As this decade began, the trend watchers in the media predicted that it would bring a return to traditional moral values: the unscrupulous eighties would give way to the ethical nineties. Though I hate to give them credit-why does every 10-year period have to be tied up in a fashionable package and labeled like a designer fragrance – there are already signs that the soothsayers were right. From the political correctness scare to the peep shows into politicians’ lives, the North American media have lately been very busy highlighting ethical questions. The Clarence Thomas/Anita Hill hearings and the William Kennedy Smith rape trial raised similar issues-both in themselves and in the way they were covered. In America, where the media no longer hesitate to take shots at each other, the battle lines are being drawn across the country. In Canada, however, we’re still rather reserved about bashing our own kind. As Marlene Fine discovered in “Dubious Distinction” on page 52, many of our newspapers believe in the glass-house effect; they aren’t about to cast the first stone. Her story explores the controversy surrounding an exhaustive profile of Marc Lepine, which won two of the nation’s highest press awards. When it was discovered that the authors, two Ottawa Citizen reporters, had lifted three unattributed passages from other newspapers, some journalists called for the awards to be repealed. Others shrugged the whole thing off as common practice. Either way, the debate was largely a private one; what was published at all was cloaked in the neutrality of news stories.

In keeping with the nineties trend, most of the other stories in this issue of the Review also deal with ethics. However, we’re not neatly as concerned with being au courant as we are with keeping a close eye on what the industry is up to. Journalists have a role in society that’s too important to be performed without scrutiny. Yet, for the most part, the media aren’t obliged to answer to anybody for their actions. The federal broadcast regulator is notoriously weak-willed and newspaper press councils have no real punitive power. As for magazines, only the consciences of their editors-and a few enlightened publishers-keep them on the ethical up-and-up. As I found out for “Horning In” on page 32, no organization exists to police periodicals, especially those that get too cozy with advertisers.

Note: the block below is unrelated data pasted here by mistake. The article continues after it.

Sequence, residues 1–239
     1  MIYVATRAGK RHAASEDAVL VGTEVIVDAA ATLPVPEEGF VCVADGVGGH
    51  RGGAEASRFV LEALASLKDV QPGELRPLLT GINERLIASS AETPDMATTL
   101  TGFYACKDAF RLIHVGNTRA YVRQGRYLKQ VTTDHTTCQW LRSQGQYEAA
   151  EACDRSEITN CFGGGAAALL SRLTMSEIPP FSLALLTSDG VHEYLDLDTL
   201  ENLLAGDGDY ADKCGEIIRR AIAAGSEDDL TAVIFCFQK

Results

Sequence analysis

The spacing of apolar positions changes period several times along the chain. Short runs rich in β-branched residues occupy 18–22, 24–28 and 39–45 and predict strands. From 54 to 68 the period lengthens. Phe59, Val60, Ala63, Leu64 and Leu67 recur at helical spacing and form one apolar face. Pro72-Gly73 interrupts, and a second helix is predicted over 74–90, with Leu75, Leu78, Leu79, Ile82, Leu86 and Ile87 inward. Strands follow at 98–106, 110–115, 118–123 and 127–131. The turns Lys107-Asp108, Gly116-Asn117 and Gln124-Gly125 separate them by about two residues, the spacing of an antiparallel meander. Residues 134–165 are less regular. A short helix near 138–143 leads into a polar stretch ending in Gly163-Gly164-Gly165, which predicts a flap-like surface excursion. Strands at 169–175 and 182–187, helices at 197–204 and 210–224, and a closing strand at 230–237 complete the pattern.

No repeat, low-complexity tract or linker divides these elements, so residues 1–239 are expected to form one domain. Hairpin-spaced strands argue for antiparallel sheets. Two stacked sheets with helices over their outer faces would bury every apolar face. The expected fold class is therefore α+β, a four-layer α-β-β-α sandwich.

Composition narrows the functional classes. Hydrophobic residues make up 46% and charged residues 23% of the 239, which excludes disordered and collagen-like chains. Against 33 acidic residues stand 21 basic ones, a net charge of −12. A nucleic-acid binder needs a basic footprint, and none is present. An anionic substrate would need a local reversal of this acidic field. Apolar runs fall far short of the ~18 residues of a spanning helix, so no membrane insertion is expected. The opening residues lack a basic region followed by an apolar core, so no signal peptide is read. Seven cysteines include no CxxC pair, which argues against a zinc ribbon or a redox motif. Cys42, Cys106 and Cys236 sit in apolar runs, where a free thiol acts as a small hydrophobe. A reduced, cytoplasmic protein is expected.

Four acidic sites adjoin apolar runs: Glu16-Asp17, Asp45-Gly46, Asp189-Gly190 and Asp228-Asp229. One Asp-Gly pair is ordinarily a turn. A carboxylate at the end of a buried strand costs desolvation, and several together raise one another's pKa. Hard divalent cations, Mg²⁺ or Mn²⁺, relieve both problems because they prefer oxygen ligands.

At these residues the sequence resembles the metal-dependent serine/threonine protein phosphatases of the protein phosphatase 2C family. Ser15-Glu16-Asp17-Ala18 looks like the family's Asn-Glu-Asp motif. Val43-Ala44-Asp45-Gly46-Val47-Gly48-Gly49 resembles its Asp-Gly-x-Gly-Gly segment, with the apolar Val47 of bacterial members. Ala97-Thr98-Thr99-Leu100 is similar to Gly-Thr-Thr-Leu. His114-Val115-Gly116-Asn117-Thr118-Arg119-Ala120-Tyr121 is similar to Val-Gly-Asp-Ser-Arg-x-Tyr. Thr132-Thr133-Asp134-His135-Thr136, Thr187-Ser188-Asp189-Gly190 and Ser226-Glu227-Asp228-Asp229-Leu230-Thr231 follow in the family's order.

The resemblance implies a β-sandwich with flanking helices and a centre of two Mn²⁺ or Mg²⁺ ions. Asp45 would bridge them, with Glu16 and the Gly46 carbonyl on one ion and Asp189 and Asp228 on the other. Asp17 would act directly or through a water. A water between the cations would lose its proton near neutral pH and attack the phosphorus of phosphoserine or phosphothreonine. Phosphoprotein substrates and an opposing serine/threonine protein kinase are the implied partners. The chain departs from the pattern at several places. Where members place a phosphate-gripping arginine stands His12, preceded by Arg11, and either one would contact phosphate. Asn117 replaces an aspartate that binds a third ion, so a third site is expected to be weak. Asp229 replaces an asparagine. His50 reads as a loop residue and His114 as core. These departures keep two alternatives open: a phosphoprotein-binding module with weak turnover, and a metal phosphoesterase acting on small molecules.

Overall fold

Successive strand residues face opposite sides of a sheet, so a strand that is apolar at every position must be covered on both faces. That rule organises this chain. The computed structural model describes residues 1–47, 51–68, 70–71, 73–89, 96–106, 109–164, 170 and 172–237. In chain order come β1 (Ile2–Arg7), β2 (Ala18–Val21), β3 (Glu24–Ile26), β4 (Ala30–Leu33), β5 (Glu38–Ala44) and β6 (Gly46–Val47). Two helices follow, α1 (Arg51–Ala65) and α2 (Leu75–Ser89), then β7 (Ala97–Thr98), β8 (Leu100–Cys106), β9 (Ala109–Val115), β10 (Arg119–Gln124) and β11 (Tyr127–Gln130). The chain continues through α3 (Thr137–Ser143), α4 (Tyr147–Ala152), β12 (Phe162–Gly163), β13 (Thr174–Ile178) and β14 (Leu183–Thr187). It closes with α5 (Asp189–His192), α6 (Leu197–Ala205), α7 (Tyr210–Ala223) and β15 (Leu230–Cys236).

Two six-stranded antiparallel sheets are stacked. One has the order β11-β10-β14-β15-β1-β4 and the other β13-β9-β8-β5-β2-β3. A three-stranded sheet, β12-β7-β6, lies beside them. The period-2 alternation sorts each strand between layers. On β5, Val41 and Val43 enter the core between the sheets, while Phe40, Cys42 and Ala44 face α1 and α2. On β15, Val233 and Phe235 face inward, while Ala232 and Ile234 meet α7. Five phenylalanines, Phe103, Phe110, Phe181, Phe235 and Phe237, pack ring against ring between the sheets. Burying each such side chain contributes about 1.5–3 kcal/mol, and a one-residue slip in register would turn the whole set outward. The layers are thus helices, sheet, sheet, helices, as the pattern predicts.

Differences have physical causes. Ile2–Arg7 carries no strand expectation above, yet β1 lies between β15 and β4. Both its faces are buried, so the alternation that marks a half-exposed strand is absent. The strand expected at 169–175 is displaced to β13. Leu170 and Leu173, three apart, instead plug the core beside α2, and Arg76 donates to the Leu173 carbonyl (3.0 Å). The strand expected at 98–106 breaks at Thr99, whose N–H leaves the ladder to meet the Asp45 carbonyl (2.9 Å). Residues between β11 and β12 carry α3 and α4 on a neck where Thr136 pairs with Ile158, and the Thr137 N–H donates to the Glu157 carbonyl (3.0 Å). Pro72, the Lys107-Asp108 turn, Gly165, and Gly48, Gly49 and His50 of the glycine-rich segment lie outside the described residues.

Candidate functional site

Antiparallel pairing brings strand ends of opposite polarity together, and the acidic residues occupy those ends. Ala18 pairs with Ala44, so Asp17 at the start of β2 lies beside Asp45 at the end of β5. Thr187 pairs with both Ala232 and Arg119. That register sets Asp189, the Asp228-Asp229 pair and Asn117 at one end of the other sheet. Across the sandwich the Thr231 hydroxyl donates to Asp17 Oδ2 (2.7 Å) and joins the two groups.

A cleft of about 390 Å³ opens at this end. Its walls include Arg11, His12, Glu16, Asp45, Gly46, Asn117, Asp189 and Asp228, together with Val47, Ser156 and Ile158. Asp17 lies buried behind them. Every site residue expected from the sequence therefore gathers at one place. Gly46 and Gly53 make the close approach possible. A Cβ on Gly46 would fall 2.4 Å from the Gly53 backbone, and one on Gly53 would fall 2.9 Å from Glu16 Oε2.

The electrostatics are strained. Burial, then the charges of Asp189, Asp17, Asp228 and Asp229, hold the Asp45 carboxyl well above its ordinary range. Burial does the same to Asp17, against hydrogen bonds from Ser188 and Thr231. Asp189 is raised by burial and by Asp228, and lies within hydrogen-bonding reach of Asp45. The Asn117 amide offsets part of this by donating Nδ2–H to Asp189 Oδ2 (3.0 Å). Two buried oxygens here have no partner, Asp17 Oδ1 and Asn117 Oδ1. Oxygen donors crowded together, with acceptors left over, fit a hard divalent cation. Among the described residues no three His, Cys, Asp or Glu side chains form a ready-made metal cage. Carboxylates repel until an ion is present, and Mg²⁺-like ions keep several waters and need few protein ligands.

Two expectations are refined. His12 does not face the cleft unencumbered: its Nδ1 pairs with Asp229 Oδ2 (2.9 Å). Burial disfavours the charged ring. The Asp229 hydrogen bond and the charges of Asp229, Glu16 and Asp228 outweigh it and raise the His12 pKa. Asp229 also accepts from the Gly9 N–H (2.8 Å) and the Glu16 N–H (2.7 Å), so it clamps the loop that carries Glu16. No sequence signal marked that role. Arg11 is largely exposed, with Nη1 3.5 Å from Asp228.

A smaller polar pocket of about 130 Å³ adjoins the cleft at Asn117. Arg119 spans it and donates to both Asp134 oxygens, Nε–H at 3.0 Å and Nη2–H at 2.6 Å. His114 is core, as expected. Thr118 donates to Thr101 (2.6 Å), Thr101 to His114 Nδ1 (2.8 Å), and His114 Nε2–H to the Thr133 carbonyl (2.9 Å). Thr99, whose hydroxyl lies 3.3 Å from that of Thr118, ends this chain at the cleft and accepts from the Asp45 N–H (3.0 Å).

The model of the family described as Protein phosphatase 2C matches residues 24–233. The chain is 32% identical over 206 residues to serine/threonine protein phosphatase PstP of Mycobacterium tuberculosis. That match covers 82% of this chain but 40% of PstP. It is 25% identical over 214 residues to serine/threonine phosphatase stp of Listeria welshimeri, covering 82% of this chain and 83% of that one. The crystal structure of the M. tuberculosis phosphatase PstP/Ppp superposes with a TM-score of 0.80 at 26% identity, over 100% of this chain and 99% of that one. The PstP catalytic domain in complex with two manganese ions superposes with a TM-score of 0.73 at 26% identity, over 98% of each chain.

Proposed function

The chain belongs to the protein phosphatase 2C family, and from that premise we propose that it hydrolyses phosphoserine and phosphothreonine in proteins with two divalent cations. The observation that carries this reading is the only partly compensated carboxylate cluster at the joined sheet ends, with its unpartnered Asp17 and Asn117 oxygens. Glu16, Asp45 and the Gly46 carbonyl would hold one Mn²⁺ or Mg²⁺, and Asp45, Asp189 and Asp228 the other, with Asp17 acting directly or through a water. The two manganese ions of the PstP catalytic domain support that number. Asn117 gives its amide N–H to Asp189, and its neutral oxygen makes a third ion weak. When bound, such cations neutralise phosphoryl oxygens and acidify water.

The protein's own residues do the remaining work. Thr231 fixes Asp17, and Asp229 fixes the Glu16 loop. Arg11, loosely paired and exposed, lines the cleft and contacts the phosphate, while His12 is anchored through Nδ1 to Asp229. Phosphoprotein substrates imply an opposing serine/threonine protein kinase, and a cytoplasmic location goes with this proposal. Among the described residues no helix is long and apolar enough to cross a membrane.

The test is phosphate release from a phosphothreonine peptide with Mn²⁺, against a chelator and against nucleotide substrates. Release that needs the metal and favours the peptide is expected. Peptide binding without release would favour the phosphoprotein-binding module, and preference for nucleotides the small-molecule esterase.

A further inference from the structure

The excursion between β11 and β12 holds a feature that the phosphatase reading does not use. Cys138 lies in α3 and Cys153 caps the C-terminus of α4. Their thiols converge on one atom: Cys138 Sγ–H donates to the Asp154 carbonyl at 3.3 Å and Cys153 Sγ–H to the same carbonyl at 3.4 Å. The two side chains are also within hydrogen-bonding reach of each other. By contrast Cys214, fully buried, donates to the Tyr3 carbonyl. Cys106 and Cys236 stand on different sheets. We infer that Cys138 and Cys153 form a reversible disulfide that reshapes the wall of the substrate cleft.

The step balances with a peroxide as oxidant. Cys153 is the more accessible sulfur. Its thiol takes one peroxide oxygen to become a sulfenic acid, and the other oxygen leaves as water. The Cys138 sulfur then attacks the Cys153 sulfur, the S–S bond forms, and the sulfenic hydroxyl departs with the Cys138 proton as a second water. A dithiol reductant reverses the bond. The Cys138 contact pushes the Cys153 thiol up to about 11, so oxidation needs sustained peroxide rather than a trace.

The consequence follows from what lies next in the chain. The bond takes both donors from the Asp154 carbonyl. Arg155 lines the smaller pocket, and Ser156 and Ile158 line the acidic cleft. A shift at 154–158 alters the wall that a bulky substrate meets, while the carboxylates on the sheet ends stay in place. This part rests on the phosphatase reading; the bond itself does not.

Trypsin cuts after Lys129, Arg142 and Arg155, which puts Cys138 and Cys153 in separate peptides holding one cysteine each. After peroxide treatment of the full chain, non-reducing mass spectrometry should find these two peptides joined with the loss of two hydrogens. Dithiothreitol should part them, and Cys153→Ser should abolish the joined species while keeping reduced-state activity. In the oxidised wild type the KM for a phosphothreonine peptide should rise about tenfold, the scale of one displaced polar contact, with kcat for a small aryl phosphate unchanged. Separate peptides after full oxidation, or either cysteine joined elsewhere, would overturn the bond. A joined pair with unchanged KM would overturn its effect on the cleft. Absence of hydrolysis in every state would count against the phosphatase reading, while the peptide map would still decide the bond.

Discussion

Though our cover story is mainly concerned with the way good writers are fettered at Maclean’s, it too has an ethical side: the staff of the magazine is deeply troubled about the sexist way that women are depicted in its pages. And in that most sexist of newspaper enclaves, the sports departments, a bunch of the guys have decided that Globe and Mail columnist Marty York is completely off-base. As Anthony Seow reports on page 26, they question his reporting on the grounds that it’s-what else?-unethical.

What you see in these pages is only a sampling of the moral quandries we heard about this year. In preparing the issue, we were flooded with neatly 50 story ideas and reports on what’s wrong with the journalism industry. But at least it’s a start. When we begin to uncover-and debate publicly-what ails the industry, we can begin to cure it. Journalist, heal thyself.
So that’s our mandate: to be the watchdog, the self-scrutinizing element that’s largely missing in the Canadian media. And that’s what we’ve done since the first issue of the Ryerson Review of Journalism rolled off the presses in 1984. Even before ethics became trendy.